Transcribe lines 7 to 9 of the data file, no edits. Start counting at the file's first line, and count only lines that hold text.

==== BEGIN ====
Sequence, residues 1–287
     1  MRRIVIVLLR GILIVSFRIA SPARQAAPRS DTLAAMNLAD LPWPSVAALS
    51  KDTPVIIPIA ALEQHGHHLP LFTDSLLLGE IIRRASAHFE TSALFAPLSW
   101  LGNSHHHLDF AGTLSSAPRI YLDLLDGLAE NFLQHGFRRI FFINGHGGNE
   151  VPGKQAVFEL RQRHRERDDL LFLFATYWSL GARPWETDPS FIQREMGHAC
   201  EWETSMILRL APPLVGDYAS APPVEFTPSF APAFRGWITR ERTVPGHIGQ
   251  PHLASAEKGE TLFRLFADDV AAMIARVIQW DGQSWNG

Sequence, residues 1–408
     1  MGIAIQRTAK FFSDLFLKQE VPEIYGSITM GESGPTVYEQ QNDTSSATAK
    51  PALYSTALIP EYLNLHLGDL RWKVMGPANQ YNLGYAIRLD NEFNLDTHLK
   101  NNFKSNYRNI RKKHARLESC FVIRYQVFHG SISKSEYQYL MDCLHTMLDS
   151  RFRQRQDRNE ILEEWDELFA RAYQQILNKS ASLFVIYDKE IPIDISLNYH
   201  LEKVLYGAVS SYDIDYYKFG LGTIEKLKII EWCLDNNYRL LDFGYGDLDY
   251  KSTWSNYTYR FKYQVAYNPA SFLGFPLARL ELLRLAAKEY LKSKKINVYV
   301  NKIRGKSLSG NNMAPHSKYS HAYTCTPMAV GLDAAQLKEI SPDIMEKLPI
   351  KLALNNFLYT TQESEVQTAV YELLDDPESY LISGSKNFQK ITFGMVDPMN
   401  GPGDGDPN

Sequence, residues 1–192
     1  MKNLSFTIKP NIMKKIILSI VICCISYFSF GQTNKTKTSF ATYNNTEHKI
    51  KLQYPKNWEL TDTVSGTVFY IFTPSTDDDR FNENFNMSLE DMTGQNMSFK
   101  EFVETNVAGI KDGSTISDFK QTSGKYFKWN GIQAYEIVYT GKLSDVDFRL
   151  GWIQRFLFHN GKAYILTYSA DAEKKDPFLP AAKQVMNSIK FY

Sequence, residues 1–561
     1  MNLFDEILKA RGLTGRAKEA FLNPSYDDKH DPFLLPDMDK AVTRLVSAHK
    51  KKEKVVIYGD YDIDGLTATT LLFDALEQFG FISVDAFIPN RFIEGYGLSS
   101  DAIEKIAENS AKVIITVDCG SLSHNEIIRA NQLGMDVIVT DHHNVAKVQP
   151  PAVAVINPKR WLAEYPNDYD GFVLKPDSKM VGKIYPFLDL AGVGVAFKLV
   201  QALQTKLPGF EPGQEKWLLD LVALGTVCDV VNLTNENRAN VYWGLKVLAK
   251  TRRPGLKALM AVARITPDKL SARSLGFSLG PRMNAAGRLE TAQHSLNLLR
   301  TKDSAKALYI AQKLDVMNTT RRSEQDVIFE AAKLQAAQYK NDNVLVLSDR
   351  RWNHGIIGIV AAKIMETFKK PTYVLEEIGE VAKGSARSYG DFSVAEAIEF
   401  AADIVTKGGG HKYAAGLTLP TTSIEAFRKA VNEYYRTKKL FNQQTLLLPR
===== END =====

   251  PHLASAEKGE TLFRLFADDV AAMIARVIQW DGQSWNG

Sequence, residues 1–408
     1  MGIAIQRTAK FFSDLFLKQE VPEIYGSITM GESGPTVYEQ QNDTSSATAK